Elephant’s Ass: High and Stinky — This is when the ball goes very high but not too far down the fairway.


Sky Pilot — This is kind of like an Elephant’s Ass but a Sky Pilot could actually travel the intended distance, only much higher than expected.


Worm-Burner —If you top your ball and send it rocketing down the fairway on the ground, your golf ball can deal a fatal blow to some poor unsuspecting earthworm out for a little fresh air. Hence the term, Worm-Burner.


Russian Chip: (Onandoff) - This is when you attempt to chip onto the green and you hit the ball too hard or blade it and it runs across the green and off again on the other side.


Describing Contact With the Golf Ball at the Time of Swing


Fat — Hitting it “fat” means that your clubhead hit the ground before making contact with the ball. This usually means that you will be short of your desired distance.


Chunked it — Hitting it “chunky” means that you hit it really fat and the clubhead went into the ground well in advance of coming into contact with the ball. The ball probably trickled a few yards forward if lucky.


Thinned it — Hitting it “thin” means that the face of your clubhead came in contact with the ball a little too high and you missed the sweet spot. The ball flight will be quite low and the ball could end up farther down that fairway than you were hoping for.


Topped it — When you say that you “topped it”, it means that you hit it really thin. Kind of like you almost missed it. The ball will not likely leave the ground and will roll down the fairway a much shorter distance than hoped.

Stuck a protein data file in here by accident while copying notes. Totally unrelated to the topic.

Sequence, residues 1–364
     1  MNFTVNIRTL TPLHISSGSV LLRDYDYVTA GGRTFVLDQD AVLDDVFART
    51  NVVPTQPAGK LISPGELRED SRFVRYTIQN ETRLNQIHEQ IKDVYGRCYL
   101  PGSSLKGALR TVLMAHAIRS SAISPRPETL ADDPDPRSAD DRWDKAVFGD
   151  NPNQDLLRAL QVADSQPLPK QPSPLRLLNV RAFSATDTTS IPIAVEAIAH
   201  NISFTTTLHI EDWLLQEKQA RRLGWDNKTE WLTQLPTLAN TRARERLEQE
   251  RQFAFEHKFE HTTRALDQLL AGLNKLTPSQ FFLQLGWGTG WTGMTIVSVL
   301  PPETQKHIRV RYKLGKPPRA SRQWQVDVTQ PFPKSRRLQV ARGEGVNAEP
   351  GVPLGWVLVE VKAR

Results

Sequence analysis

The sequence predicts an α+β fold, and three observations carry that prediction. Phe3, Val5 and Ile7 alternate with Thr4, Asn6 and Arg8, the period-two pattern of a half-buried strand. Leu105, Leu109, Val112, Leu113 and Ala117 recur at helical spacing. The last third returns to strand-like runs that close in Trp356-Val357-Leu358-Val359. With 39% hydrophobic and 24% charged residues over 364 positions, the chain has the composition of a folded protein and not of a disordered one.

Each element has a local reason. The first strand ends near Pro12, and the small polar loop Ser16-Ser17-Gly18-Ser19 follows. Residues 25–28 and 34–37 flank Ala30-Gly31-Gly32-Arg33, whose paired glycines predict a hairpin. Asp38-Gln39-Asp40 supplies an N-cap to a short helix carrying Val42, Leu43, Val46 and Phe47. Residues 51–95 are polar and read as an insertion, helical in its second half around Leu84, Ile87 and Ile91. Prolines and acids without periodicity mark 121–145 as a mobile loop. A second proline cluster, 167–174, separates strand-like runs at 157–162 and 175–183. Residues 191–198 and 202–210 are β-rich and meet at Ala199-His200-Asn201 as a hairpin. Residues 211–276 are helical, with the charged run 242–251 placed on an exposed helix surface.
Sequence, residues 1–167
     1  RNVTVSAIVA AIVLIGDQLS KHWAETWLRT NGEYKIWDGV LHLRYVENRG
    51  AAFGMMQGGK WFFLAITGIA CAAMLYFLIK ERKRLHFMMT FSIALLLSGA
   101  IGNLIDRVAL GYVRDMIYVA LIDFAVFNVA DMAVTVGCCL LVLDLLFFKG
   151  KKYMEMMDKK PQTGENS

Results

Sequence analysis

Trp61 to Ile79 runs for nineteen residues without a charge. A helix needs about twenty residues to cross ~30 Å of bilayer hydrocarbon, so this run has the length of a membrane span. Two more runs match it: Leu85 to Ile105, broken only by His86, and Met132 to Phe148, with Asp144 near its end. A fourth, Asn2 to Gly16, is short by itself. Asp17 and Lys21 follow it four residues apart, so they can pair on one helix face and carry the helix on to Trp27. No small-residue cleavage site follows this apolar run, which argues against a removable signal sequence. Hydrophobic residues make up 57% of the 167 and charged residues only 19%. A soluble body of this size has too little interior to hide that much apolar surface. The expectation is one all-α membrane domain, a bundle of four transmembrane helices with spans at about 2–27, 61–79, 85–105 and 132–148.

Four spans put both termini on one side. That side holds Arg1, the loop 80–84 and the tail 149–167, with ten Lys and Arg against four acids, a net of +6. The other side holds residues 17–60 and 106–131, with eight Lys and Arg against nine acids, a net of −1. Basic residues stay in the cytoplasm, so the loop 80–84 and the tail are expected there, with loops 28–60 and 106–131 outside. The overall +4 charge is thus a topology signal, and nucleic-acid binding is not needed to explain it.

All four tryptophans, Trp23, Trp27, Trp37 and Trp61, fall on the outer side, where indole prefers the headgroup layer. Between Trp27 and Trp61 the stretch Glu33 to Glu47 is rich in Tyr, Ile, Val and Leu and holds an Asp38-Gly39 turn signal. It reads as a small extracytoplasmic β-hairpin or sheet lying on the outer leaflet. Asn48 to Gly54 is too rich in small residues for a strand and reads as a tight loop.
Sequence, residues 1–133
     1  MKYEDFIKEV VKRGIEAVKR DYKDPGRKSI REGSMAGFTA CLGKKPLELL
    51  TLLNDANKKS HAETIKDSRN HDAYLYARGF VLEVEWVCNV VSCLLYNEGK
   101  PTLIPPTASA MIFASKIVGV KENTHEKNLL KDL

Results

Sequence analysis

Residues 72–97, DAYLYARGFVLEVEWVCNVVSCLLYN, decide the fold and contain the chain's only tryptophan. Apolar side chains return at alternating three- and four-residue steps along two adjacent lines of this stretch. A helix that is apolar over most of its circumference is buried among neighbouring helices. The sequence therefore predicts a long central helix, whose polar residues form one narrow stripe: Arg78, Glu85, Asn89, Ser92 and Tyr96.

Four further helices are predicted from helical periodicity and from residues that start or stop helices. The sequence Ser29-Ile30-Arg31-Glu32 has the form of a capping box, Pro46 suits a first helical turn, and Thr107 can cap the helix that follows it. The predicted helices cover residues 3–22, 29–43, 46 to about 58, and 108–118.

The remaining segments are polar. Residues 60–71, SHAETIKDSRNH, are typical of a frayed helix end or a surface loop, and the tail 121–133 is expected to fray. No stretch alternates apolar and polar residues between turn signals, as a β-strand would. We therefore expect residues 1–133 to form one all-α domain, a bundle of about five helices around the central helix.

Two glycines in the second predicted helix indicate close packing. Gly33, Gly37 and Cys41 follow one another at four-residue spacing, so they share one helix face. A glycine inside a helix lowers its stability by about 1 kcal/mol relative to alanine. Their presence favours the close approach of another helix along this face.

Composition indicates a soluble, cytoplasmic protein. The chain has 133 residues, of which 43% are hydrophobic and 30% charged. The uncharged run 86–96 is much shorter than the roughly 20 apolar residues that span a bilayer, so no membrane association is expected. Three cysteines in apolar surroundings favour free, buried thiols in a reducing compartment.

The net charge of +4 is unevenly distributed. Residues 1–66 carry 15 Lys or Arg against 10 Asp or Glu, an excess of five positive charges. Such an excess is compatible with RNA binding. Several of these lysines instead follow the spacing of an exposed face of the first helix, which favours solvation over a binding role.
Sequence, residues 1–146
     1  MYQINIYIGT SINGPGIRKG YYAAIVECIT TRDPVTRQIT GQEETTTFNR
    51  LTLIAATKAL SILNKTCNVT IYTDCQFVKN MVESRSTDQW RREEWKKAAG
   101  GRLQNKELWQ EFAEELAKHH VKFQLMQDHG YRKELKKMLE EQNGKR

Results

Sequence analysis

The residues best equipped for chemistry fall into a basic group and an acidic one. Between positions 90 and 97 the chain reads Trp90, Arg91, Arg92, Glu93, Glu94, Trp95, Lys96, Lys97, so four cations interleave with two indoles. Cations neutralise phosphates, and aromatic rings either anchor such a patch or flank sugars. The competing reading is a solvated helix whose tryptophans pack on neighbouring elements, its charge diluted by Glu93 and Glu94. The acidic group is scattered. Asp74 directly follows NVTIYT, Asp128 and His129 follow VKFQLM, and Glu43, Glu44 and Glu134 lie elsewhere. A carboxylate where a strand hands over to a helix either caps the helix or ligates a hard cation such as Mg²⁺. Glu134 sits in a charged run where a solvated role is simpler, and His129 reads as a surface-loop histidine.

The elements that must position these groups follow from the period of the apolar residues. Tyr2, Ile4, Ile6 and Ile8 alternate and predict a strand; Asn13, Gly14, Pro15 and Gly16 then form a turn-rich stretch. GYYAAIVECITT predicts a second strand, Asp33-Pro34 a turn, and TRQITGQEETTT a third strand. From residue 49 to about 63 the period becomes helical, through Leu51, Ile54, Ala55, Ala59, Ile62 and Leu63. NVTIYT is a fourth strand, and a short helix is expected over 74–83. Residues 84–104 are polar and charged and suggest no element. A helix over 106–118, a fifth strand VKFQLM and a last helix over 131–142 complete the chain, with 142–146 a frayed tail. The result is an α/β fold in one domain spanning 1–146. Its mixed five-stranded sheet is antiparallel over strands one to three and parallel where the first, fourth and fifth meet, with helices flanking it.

Hitting off the Toe — This is when the face of the club comes in contact with the ball off-centre, towards the farthest part of the clubface, the toe. The result will be a loss of distance and accuracy.


Hitting off the Heel — This is when the face of the club comes in contact with the ball off-centre, towards the base of the shaft at the hosel. The result will be a loss of distance and direction.


Hosel Rocket — Heads Up Everyone — This is when you come close to missing the ball completely and just catch a piece of it with the hosel of the golf club. The ball can fly straight right, straight left, or anywhere in between.


Technical Details Regarding the Golf Course


Slope Rating — This is a measurement of how hard the golf course is to play for a bogey golfer relative to the degree of difficulty for a golfer with no handicap. (scratch golfer)

Slope Ratings can vary from 60 to 150, with the average being 113. Just remember, the higher the slope rating, the harder the course will be to play.


Stimp Rating — Using a stimpmeter, this is a measurement of how fast the greens are rolling. For PGA or LPGA players, their greens are fast and will usually have a stimp rating of 11 to 13 feet. For most public courses, the stimp rating will be 10 feet or lower.

I hope that you enjoyed some golf lingo.


Stay Well, Stay Safe, and Have Fun


Tip of the Day: Keep your head down and put a nice smoothy on it.